ST. CLAIRSVILLE Jamboree in the Hills officially opened its gates Thursday with song, festivities and a crowd eager for summer fun. The staff at the medical tent, meanwhile, stood ready should the festivities get out of hand.
East Ohio?Regional Hospital physician Neal Aulich said cases of dehydration and intoxication are expected to lead the workload, since the temperature was 90 degrees and humid.
He noted that while last year was cooler and saw fewer cases, prior years have had as many as nine people receiving IV fluids at one time. They noted that 10 people were treated as of mid-afternoon Thursday. Aulich said this is about average, with 80 to 100 patients expected daily.
"We expect it to be busy this year," he said, adding that the crowds were expected to increase during the next days. A thunderstorm is expected Saturday.
He added that they have four squads, an ambulette for less serious injuries such as broken bones, and air-conditioned hospital units. Patients can also be resuscitated if necessary before being sent on to a hospital.
He said there would be paramedics and nurses present 24/7. There are also two to three attending physicians and two resident physicians, and 15 to 18 EMS personnel in the tent or on the venue. They have four to five fully-stocked ambulances, three crews in the field and two paramedics walking in the crowd.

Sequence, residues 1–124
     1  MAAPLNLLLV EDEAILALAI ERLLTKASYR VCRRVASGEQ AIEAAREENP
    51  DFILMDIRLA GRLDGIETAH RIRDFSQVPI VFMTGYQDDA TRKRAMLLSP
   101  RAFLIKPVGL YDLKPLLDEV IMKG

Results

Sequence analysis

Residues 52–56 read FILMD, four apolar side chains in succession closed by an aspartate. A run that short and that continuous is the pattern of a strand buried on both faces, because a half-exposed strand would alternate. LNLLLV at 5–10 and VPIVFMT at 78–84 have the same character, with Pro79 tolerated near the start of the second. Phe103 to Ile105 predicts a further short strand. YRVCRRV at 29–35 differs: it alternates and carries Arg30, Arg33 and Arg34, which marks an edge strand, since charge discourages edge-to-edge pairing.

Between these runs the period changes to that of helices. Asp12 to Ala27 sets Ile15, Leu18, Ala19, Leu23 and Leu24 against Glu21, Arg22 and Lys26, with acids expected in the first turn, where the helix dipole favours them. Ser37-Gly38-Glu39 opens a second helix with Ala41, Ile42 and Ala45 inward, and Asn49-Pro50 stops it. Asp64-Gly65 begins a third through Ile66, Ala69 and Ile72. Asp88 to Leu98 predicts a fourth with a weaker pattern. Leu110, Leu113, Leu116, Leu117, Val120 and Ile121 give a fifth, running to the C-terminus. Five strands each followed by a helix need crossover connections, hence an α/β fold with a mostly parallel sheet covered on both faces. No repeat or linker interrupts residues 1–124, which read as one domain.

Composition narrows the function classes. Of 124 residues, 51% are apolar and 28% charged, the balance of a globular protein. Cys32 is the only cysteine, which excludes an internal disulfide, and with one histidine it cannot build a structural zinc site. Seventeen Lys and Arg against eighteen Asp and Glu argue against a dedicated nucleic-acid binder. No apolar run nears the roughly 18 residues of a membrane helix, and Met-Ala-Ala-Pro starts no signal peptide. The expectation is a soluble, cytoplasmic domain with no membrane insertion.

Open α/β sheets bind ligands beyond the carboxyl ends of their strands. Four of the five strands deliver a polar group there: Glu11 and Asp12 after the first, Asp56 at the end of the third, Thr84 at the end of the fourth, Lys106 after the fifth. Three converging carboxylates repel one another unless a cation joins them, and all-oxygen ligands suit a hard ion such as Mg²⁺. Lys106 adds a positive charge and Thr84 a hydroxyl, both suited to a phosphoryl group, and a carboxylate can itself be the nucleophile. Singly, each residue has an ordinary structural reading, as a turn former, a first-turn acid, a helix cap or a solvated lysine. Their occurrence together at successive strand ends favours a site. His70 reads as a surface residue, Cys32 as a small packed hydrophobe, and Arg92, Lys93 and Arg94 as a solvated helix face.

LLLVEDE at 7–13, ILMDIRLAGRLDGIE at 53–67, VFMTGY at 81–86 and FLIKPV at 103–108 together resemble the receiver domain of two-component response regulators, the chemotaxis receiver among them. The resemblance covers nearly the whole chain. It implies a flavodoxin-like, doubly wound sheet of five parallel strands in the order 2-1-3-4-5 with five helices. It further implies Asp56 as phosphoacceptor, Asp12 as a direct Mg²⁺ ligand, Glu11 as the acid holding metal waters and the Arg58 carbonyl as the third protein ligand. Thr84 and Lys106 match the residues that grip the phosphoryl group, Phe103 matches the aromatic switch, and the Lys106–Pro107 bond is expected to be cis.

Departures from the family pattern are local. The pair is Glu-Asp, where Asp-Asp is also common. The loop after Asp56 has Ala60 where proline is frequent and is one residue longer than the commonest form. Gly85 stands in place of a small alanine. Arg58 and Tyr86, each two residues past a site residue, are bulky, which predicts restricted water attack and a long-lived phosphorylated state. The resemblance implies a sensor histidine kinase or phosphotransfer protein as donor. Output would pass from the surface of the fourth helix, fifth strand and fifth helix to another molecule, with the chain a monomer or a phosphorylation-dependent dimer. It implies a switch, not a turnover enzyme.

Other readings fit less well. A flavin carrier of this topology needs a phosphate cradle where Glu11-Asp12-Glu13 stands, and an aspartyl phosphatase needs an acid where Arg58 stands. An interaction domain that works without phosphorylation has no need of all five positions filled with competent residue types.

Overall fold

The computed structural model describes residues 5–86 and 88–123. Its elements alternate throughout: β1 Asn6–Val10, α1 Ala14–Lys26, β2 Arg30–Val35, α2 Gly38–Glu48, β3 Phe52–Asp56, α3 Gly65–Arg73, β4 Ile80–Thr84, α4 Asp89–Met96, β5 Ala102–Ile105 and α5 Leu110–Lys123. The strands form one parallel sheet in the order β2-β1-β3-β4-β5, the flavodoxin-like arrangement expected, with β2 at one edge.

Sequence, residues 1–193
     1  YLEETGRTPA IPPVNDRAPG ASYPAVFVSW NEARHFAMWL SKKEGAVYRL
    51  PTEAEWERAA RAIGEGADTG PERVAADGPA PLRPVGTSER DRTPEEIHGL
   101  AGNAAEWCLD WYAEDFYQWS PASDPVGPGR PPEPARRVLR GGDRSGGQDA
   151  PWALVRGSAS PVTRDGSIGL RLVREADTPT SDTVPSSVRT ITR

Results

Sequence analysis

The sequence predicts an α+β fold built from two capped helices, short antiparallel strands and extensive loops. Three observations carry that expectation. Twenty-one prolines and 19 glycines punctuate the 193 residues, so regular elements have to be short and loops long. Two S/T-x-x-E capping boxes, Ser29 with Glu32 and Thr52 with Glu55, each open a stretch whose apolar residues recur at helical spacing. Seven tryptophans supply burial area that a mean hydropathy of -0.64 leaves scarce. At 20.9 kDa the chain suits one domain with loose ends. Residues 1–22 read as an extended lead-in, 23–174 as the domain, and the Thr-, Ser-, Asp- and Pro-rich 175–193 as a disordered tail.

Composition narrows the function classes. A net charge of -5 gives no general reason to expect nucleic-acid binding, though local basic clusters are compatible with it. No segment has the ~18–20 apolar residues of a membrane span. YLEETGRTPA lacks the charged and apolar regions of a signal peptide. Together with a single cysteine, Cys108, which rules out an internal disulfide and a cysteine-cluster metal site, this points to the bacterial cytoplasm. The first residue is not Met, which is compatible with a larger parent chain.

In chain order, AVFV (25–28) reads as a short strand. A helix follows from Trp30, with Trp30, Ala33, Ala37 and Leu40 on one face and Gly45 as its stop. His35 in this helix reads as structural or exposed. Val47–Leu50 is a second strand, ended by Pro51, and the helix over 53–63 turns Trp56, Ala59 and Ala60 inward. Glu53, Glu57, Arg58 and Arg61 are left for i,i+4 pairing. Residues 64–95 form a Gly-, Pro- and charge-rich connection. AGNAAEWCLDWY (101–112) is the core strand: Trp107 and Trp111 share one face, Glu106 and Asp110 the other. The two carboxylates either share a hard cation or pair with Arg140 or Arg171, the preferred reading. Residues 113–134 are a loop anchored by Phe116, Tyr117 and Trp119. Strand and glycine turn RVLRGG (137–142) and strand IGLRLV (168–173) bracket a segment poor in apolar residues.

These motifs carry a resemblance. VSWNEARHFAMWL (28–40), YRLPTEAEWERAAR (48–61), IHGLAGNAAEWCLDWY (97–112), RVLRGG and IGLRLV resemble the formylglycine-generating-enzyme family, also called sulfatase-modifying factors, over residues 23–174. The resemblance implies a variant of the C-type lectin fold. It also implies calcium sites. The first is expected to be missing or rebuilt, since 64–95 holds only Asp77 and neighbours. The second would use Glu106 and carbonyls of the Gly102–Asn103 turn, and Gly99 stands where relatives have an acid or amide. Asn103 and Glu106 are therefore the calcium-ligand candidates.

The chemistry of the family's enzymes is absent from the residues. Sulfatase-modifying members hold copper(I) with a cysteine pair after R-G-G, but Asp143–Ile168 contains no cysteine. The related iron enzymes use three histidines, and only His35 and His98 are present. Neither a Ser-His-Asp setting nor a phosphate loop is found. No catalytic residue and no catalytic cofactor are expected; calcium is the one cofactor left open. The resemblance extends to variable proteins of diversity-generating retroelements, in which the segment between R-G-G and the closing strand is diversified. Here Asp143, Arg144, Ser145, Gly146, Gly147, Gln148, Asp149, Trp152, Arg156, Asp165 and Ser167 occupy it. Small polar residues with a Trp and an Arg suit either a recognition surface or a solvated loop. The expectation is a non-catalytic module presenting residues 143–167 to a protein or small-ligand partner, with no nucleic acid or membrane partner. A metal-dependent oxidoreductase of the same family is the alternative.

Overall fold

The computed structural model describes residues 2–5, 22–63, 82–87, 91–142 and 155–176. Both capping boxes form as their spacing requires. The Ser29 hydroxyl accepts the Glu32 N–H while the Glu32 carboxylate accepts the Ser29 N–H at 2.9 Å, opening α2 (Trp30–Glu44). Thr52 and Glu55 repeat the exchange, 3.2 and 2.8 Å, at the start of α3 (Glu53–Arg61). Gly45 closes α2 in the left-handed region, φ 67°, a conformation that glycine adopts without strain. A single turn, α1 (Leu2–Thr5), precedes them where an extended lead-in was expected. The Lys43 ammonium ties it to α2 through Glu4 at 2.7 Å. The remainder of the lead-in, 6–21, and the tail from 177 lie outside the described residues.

Aside from heat related ailments, Aulich said they expect foot and ankle injuries and other issues related to falling.
Also expected are some issues of intoxication and assaults. About 10 to 20 people are usually sent to the hospital every day with issues such as chest pains and shortness of breath. He said during one past event a pregnant woman went into labor.
Medics advise that attendees alternate beer with water, consume electrolytes, and bring sunscreen. In addition, people should have friends nearby to help in the event of intoxication.
In matters of law enforcement, officials will patrol for cases of assault, drug use and other petty crime, and underage drinking. Deputy R. Alderman said the crowd has begun with high energy, but the attendees are normally law-abiding in the majority of cases.
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